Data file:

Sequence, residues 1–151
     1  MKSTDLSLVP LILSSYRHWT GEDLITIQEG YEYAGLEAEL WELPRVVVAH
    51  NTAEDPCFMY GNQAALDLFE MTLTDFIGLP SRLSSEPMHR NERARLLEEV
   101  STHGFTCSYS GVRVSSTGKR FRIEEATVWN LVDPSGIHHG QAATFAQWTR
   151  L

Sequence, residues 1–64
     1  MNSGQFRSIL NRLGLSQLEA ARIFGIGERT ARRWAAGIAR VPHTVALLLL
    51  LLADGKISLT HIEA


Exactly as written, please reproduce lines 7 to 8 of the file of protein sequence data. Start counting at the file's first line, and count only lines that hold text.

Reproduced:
     1  MNSGQFRSIL NRLGLSQLEA ARIFGIGERT ARRWAAGIAR VPHTVALLLL
    51  LLADGKISLT HIEA